Seeing the wood from the trees regarding Capital Gains Tax
The Capital Gains Tax (CGT) on forestry has remained unchanged. Commercial woodlands in the hands of an individual are exempt from CGT on the growing timber, though any gain attributable to the underlying land is not.
However, this rarely gives rise to a chargeable gain because it can often be shown that afforestation devalues the land due to the permanent change of use. The CGT exemption does not apply to companies which occupy woodlands.
Nevertheless, timber is a crop. The convention has always been that in the event of a sale of woodland, the standing crop of trees was deemed to be a capital transaction, whereas when harvested it falls under the heading of income.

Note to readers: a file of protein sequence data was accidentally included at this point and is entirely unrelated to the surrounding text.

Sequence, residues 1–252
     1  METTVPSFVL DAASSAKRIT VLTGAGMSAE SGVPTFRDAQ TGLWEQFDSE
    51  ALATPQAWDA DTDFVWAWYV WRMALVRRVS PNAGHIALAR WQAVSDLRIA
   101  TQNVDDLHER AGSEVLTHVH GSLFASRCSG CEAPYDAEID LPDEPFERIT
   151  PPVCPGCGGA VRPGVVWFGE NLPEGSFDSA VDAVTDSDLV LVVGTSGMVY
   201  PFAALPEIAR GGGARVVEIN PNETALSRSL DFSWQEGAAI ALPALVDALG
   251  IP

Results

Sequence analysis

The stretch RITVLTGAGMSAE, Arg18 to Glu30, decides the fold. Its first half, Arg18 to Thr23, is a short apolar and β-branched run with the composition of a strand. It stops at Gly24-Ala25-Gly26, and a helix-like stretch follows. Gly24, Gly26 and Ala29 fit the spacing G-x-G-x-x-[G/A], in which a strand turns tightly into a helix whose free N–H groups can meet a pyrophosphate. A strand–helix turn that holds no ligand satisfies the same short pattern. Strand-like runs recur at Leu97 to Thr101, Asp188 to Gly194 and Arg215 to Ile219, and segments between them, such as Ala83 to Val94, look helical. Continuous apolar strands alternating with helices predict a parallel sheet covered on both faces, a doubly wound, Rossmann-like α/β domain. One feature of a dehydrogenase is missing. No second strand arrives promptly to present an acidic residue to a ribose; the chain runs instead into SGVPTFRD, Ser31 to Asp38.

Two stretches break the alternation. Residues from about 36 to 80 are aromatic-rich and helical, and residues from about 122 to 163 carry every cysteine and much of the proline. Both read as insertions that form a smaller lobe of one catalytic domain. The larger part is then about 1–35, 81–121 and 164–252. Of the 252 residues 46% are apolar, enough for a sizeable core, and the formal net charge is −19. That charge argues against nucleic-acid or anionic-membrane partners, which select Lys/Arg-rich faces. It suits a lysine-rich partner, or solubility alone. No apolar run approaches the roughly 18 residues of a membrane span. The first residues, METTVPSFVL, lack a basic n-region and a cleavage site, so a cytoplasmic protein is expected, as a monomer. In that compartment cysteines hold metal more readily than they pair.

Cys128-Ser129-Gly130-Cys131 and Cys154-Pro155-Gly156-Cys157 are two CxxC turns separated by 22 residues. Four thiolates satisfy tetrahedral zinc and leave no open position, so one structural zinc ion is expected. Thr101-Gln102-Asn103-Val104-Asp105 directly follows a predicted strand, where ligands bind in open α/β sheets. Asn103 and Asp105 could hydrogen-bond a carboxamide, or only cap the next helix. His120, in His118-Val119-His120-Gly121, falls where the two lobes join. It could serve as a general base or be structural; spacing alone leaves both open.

I admit I have always had some difficulty in getting my head around this particular conundrum.
In May 2010 the result of a tax appeal was made public. The facts of the case involved a company that sold semi-mature woodlands and the Revenue Commissioners held that the company was liable to CGT on the entire proceeds of sale.
The company appealed the assessment, holding that the value of the underlying land had fallen since it was purchased several years previously, and that the proceeds attributable to the growing crop were income and therefore exempt from corporation tax (the sale having taken place prior to the change in the law when there was no income restriction in place).
The case was quite specific in that the company had always intended from the outset to trade in forestry property.
In other words, it always planned to sell properties at a profit as and when the opportunities arose and to re-invest the proceeds in more forestry.